24. Describe the key elements that should be addressed in individual DBT sessions.
25. Structure individual DBT sessions.26. Describe the function of DBT skills training.
27. Define the roles of the leader and co-leader in DBT skills training.
28. Explain how to structure a DBT skills training class.
29. Identify the contents of the DBT Interpersonal Effectiveness skills module.
30. Describe the evidence for the use of DBT Interpersonal Effectiveness skills.
31. Convey the rationale for DBT Interpersonal Effectiveness skills.
32. Identify the contents of the DBT Distress Tolerance skills module.
33. Describe the evidence for the use of DBT Distress Tolerance skills.
34. Convey the rationale for DBT Distress Tolerance skills.
35. Define problem behaviors specifically and behaviorally.
36. Conduct a chain analysis of an episode of a target behavior.
37. Conduct missing links analyses of needed behaviors that did not occur.
38. Describe the DBT problem-solving strategies (skills training, cognitive modification, exposure, contingency management).
39. Generate and evaluate solutions for specific problematic links from a chain analysis.
40. Describe the use of validation in DBT.
41. Implement the levels of validation in DBT.
42. Engage clients in treatment by providing dialectical balance between change and acceptance.
43. Employ the dialectical strategies in DBT.
44. Implement DBT stylistic strategies (reciprocal and irreverent communication).
45. Assess long-term and acute risk for suicide.
46. Talk with individuals in a manner that facilitates assessment of suicide risk.
47. Describe the steps of the suicide crisis protocol.
48. Apply DBT suicide crisis protocols.
49. Respond to ongoing suicidal behavior during treatment.
50. Coach clients to generalize skills in all relevant contexts.
51. More effectively coach clients with skills specific to their needs.
52. Competently help patients employ difficult-to-use skills.
53. Implement the DBT case management strategies.
54. Identify the application of, and limits to, consultation to the client.
55. Explain the importance of observing personal and professional limits in DBT.
56. Describe the steps for observing limits in DBT.
* When reviewing the schedule, please be aware Thursday, November 11th is Veteran’s Day and is a federal holiday and some organizations may observe this holiday. We will be conducting training on this day.
|Date||Monday 11/08/2021||Tuesday 11/09/2021||Wednesday 11/10/2021||Thursday 11/11/2021||Friday 11/12/2021|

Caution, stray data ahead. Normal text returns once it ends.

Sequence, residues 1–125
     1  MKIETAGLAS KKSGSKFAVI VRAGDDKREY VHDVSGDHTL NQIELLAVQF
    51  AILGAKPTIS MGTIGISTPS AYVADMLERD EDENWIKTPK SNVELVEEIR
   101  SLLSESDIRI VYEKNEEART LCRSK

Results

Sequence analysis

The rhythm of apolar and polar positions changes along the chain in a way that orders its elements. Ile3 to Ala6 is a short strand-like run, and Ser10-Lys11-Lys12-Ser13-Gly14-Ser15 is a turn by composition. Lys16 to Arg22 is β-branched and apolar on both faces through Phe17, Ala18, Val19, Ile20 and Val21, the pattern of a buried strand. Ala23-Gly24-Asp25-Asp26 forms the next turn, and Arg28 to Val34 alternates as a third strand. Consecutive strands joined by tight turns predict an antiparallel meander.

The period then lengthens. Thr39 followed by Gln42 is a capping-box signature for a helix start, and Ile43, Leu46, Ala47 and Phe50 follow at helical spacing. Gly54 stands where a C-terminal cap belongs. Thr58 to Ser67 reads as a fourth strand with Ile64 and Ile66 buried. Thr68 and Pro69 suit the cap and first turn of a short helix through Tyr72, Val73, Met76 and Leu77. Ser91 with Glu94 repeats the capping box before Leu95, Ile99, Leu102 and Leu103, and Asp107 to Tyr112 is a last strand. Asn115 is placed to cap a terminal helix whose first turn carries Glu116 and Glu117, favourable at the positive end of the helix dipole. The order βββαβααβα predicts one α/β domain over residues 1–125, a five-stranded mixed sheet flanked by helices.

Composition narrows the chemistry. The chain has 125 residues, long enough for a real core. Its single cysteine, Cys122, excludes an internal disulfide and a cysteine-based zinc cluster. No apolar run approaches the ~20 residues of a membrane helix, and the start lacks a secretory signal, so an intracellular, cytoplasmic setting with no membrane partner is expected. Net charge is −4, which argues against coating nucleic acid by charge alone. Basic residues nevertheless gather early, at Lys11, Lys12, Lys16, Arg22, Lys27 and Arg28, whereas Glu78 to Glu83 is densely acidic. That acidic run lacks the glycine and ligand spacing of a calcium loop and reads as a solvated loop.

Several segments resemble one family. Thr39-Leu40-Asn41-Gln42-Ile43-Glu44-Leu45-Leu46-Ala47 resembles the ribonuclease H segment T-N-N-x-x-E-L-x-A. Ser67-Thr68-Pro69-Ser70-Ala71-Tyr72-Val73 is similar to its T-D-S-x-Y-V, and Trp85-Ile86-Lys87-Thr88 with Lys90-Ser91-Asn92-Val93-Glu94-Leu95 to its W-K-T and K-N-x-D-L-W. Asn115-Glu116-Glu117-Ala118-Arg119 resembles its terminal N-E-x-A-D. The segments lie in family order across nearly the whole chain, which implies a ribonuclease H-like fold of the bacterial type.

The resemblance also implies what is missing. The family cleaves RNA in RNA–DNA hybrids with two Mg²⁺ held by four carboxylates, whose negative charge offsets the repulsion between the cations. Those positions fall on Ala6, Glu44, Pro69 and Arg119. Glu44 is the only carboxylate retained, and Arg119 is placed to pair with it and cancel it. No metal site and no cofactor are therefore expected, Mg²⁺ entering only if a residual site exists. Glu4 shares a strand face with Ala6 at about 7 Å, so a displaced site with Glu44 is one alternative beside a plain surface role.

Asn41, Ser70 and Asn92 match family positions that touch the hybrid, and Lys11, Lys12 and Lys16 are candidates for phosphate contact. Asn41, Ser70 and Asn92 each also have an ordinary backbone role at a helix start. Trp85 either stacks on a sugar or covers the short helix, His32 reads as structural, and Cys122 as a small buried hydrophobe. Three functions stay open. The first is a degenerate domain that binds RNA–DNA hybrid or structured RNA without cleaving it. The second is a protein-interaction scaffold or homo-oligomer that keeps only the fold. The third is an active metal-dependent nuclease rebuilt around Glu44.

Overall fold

|Time||9:00am-4:30pm Eastern Time|
(6:00am-1:30pm Pacific Time)
|9:00am-4:30pm Eastern Time|
(6:00am-1:30pm Pacific Time)
|9:00am-4:30pm Eastern Time|
(6:00am-1:30pm Pacific Time)
|9:00am-4:30pm Eastern Time|
(6:00am-1:30pm Pacific Time)
|9:00am-4:30pm Eastern Time
(6:00am-1:30pm Pacific Time)
|Length||7.5 hours||7.5 hours||7.5 hours||7.5 hours||7.5 hours|
Randy Wolbert, LMSW, CAADC, CCS, Zen Rōshi
Randy Wolbert LMSW, CAADC, Zen Rōshi is a DBT trainer with Behavioral Tech. Randy trains and consults widely throughout the World, directing several large-scale system implementations. Prior to joining Behavioral Tech full-time, Randy served as Clinical Director of InterAct of Michigan, responsible for the programs of Assertive Community Treatment (ACT), DBT, Integrated Dual Disorders Treatment and outpatient substance abuse. Randy is a long time Zen student of Marsha Linehan Randy was recognized by Willigis Jaeger as a Zen teacher in 2016 and was confirmed as a Zen teacher in 2018 by Marsha Linehan. In 2021 he received transmission as a dharma heir of Zen Master (Rōshi) Greg Mayers. He has lead mindfulness workshops and Zen mindfulness retreats in the US, Canada, Mexico, Argentina, Chile, and Germany. Recently, he authored the chapter, “Modifying behavior therapy to meet the challenge of treating BPD: Incorporating Zen and Mindfulness.” In M. A. Swales (Ed). Oxford Handbook of Dialectical Behaviour Therapy. Oxford: Oxford University Press.
Suzanne Decker, PhD
Suzanne Decker, PhD, is a clinical psychologist at VA Connecticut Health Care System and New England Mental Illness Research and Clinical Center, and Assistant Professor of Psychiatry at Yale University School of Medicine. She received her doctorate from Western Michigan University, completed predoctoral internship at Yale University School of Medicine, and completed postdoctoral fellowship at VA Connecticut Health Care System and New England Mental Illness Research and Clinical Center. Dr. Decker developed a DBT Skills Group program at VA Connecticut, conducts research on suicidality and skills-based treatments, and is a member of Marsha Linehan’s annual DBT Strategic Planning Meeting.
Participants should meet the following criteria:
- Be a current member of an Intensively trained team, with a mentor who has attended an approved comprehensive DBT Training.
- Be invested in learning DBT to a high standard in order to better implement the treatment in their settings.
- Participants agree to attend and fully participate in the entire training in a willing, committed manner.
- Acknowledge all training requirements.
- Agree to complete all readings before training.
- Agree to complete all homework assigned during the course of the training.
Readings for the DBT Foundational Training